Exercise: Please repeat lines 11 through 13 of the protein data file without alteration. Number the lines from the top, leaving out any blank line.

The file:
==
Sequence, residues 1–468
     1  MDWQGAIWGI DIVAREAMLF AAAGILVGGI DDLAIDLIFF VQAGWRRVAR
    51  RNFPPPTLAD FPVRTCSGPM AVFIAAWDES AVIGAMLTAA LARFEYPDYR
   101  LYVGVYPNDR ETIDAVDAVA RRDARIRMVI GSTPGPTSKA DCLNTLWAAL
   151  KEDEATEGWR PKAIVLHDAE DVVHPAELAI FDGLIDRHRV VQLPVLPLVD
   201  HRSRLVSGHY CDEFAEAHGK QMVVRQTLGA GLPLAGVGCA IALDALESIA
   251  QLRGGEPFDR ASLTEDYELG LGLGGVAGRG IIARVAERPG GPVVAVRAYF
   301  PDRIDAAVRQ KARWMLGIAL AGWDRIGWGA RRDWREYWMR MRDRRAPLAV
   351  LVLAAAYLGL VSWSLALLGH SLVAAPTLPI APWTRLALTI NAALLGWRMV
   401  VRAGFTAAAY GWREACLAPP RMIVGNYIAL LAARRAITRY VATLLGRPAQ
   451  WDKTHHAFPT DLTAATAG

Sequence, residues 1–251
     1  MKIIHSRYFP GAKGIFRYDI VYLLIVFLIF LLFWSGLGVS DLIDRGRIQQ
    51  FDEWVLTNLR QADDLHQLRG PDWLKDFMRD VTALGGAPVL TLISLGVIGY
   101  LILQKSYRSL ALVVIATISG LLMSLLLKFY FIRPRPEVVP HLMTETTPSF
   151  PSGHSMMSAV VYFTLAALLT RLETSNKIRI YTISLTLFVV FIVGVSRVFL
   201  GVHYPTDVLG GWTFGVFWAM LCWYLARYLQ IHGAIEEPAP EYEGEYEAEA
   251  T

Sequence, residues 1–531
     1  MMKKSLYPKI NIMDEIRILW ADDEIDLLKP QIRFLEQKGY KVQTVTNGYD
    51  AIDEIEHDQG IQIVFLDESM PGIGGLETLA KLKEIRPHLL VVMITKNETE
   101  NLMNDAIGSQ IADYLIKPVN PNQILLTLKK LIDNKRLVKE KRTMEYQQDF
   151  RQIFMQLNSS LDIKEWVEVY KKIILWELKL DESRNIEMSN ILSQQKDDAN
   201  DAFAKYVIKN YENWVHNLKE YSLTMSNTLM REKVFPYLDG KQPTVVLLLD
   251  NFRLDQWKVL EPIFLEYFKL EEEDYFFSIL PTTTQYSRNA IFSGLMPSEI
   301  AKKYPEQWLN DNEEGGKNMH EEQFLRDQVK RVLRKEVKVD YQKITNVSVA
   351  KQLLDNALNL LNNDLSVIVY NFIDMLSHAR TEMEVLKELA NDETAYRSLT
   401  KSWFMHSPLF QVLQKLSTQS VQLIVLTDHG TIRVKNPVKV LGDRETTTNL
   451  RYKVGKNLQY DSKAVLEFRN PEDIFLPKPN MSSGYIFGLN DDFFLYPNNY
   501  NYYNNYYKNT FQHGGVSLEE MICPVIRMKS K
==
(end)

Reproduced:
   451  WDKTHHAFPT DLTAATAG

Sequence, residues 1–251
     1  MKIIHSRYFP GAKGIFRYDI VYLLIVFLIF LLFWSGLGVS DLIDRGRIQQ